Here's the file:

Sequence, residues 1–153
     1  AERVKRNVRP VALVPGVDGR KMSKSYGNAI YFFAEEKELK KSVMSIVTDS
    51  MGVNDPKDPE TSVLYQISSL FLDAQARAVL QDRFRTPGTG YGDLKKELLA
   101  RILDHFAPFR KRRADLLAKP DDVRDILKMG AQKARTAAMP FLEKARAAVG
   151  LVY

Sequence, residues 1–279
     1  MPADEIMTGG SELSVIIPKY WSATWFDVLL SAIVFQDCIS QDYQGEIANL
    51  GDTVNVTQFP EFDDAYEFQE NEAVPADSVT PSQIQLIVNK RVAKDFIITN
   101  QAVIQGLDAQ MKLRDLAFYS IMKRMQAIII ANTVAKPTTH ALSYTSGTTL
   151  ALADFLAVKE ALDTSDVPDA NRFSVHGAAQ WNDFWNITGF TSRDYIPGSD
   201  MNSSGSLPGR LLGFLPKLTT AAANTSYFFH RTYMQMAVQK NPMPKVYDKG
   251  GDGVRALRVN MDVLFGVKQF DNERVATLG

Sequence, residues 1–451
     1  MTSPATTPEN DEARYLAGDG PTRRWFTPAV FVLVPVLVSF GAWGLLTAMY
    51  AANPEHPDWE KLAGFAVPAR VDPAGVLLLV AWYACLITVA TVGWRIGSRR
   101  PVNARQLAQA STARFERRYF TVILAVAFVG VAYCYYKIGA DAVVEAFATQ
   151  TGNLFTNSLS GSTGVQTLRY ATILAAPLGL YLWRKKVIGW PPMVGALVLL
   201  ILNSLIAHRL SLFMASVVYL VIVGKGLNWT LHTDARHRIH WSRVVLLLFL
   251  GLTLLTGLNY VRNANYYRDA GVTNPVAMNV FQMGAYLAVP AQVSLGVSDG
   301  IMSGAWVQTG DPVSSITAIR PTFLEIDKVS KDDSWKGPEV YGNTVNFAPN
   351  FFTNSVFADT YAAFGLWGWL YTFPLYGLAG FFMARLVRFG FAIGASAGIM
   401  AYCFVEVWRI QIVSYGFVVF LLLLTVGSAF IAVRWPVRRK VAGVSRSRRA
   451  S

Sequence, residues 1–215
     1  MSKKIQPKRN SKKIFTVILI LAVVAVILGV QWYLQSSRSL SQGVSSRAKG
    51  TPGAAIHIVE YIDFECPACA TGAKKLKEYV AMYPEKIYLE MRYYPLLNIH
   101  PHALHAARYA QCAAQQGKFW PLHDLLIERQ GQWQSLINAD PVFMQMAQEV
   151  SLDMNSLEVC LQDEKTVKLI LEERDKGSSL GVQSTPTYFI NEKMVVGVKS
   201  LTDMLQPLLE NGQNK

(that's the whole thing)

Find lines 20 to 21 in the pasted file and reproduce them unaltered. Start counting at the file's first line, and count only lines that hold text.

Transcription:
   301  IMSGAWVQTG DPVSSITAIR PTFLEIDKVS KDDSWKGPEV YGNTVNFAPN
   351  FFTNSVFADT YAAFGLWGWL YTFPLYGLAG FFMARLVRFG FAIGASAGIM